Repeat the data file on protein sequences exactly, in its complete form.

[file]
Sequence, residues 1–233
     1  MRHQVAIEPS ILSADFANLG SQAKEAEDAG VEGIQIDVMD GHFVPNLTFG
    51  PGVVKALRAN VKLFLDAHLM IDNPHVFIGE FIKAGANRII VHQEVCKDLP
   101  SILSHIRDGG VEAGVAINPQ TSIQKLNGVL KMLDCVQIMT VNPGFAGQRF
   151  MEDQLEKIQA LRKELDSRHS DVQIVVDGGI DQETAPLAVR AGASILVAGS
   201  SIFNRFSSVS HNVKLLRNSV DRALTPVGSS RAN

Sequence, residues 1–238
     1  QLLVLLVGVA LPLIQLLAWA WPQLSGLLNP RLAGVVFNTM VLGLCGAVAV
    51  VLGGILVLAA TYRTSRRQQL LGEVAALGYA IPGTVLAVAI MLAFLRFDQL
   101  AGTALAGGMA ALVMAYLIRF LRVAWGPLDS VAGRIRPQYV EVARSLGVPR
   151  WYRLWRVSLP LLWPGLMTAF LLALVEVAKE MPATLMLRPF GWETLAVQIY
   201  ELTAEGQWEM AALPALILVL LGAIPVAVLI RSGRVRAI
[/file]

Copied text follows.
Sequence, residues 1–233
     1  MRHQVAIEPS ILSADFANLG SQAKEAEDAG VEGIQIDVMD GHFVPNLTFG
    51  PGVVKALRAN VKLFLDAHLM IDNPHVFIGE FIKAGANRII VHQEVCKDLP
   101  SILSHIRDGG VEAGVAINPQ TSIQKLNGVL KMLDCVQIMT VNPGFAGQRF
   151  MEDQLEKIQA LRKELDSRHS DVQIVVDGGI DQETAPLAVR AGASILVAGS
   201  SIFNRFSSVS HNVKLLRNSV DRALTPVGSS RAN

Sequence, residues 1–238
     1  QLLVLLVGVA LPLIQLLAWA WPQLSGLLNP RLAGVVFNTM VLGLCGAVAV
    51  VLGGILVLAA TYRTSRRQQL LGEVAALGYA IPGTVLAVAI MLAFLRFDQL
   101  AGTALAGGMA ALVMAYLIRF LRVAWGPLDS VAGRIRPQYV EVARSLGVPR
   151  WYRLWRVSLP LLWPGLMTAF LLALVEVAKE MPATLMLRPF GWETLAVQIY
   201  ELTAEGQWEM AALPALILVL LGAIPVAVLI RSGRVRAI